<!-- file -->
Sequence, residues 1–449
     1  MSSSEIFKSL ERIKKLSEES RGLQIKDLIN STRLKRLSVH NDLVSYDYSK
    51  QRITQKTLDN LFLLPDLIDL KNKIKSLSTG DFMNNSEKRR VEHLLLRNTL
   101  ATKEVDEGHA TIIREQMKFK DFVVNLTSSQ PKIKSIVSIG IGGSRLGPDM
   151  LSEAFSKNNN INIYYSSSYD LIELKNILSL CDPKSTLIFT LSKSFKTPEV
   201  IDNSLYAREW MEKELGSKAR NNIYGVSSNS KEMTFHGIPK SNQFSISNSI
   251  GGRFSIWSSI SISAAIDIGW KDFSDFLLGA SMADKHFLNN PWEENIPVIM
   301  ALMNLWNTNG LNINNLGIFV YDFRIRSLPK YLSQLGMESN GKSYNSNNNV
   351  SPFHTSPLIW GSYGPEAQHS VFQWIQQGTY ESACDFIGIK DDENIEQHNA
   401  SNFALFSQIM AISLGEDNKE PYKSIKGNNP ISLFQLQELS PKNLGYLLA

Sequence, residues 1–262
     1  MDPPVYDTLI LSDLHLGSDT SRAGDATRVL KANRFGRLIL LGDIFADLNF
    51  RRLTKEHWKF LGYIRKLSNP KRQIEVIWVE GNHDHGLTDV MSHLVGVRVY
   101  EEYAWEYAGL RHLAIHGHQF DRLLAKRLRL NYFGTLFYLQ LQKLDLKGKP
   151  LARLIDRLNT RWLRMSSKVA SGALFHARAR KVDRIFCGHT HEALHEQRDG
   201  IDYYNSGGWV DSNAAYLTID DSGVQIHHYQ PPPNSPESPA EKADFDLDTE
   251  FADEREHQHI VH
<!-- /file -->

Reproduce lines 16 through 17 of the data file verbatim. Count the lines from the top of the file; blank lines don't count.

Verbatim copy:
   201  IDYYNSGGWV DSNAAYLTID DSGVQIHHYQ PPPNSPESPA EKADFDLDTE
   251  FADEREHQHI VH